Have you seen the movie The Holiday? One of my all-time faves, it’s a wonderful piece of chick-flick ah-maze, complete with Jude Law (shirtless) and two beautiful women (Cameron Diaz and Kate Winslet, to die for) who find strength and confidence in their own. If, by some cruel twist of fate, you haven’t seen it, then go: stop reading, make some popcorn and watch it.
BUT if you have already, then you’ll know what I mean when I say “gumption”. How she shrieks with joy because she’s found strength in herself, aware of her worth as an individual, as a woman? Hells yeah: gumption.
I really want to talk to you about a woman (with a whole lot of gumption) who shared her sass and ‘tude with the world some 2000 years ago.
Empress Theadora was the wife of Justinian, Emperor of the Byzantine Empire way back. She began her life in Constantinople as an actress and child prostitute, and as a teenager became known as “the naked dancer of Subura”. She soon became the mistress of Hecebolus, Governer of Pentapolis and returned with him to North Africa. They quarrelled; they parted. She returned to her work in Constantinople where she drew the attention of Justinian, heir presumptive of the Byzantine Empire. He fell in love with her, and she encouraged him to change the law, allowing them to marry despite her roots and profession. At 27, she became Empress.
“The classic rags to riches story is made richer still by Theodora’s achievements in power. As empress, she worked on the paper On Pimps, an attempt to stop pimps making their money from prostitutes. Well aware of the impossibility of marriage and a safe life for such women, she set up a house where they could live in peace. Theodora worked for women’s marriage and dowry rights, anti-rape legislation, and was supportive of the many young girls who were sold into sexual slavery for the price of a pair of sandals. Her laws banished brothel-keepers from Constantinople and from all the major cities of the empire.” (Stella Duffy, in The Guardian, Thursday 10 June 2010. Read the whole article here).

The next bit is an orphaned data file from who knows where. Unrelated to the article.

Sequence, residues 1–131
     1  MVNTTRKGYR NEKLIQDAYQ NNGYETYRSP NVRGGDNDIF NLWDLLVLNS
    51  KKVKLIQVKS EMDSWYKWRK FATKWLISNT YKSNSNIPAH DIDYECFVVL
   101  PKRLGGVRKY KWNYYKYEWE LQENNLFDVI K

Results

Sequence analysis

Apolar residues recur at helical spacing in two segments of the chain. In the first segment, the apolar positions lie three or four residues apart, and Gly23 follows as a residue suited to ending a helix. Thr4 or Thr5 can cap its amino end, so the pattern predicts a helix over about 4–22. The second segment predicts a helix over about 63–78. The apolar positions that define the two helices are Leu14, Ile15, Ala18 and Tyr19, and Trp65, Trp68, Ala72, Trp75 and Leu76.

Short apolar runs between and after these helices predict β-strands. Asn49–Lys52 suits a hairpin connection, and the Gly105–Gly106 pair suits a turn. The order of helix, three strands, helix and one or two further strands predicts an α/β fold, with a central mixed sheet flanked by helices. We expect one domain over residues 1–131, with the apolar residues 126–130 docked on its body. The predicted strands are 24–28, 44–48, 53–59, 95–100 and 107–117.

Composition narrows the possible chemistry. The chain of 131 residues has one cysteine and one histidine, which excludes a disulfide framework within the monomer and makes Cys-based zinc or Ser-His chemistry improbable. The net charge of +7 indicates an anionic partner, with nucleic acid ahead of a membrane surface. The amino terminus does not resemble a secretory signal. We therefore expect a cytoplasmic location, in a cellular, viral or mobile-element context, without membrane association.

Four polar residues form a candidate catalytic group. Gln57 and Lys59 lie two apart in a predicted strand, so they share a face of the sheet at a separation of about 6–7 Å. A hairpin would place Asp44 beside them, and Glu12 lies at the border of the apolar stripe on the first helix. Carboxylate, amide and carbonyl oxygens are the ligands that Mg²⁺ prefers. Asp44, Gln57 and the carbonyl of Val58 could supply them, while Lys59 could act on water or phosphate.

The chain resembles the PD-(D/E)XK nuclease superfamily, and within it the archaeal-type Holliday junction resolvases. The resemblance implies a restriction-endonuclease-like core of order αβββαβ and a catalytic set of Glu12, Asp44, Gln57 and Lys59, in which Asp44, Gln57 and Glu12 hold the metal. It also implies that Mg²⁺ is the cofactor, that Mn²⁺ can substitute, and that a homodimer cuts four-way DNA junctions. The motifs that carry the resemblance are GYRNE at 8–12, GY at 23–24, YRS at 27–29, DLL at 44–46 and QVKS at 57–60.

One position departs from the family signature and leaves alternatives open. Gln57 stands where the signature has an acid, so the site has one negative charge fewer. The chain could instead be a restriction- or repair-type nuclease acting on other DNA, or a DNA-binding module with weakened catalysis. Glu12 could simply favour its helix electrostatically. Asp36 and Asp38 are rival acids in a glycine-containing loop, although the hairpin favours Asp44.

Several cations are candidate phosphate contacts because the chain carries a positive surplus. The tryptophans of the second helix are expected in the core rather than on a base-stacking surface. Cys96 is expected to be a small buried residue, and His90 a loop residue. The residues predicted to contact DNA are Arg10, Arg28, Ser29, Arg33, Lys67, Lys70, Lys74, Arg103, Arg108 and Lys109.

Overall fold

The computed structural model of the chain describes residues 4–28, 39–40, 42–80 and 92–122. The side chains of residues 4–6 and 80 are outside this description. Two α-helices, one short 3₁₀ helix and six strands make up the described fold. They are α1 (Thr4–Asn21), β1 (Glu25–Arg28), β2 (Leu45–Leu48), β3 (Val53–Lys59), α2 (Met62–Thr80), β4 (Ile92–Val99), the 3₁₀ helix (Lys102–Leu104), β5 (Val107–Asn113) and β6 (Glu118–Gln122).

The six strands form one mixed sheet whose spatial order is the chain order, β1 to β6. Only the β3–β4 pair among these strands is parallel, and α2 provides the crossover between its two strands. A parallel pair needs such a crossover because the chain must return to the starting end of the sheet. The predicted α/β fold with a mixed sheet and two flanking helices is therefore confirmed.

She was intelligent, strong, ambitious and imperious. If that isn’t enough, she was also incredibly beautiful and draped herself daily in pearls, emeralds, luxuriously heavy silks and gold. She had gardens filled with peacocks, ibis, fountains with scented water, mosaics, Chinese lanterns and every luxury imaginable.
I came across this somewhat elusive but wholly inspiring Superwoman of Byzantium a week ago in class, and have been inspired by her strength, intelligence and ambition.
Sometimes, though, I find it hard to imagine how a woman like Theodora can be transposed into today’s world. How would she behave, dress, survive today? How can I take inspiration from this woman of courage and use it to change the way I behave, nearly 2000 years later?
Enter: Dolce & Gabbana. Their latest Ready To Wear collection (Fall 2013) is entirely Byzantine in approach, but transposed for the modern woman (genius, truly). A woman wearing this D&G collection would be able to take over any empire, Byzantine or otherwise.
See also Chanel Pre-Fall 2011. I sense a theme here..
Woman of the modern world! (says Empress Theodora):
Don’t take shit from people (especially men). Know your worth. Know your strength (being strong is a conscious decision). Fight: for yourself, but importantly, for others. Be vocal (say what you need to say). Wear rich silk when possible. Also wear D&G when possible. Pearls should and must be draped. Show gumption (using that word in a sentence helps you to act it out). Finally, don’t let ANYONE make you feel unimportant (not in the Byzantine era, not ever).
(Love from Cait, Marten and Theodora… bisous)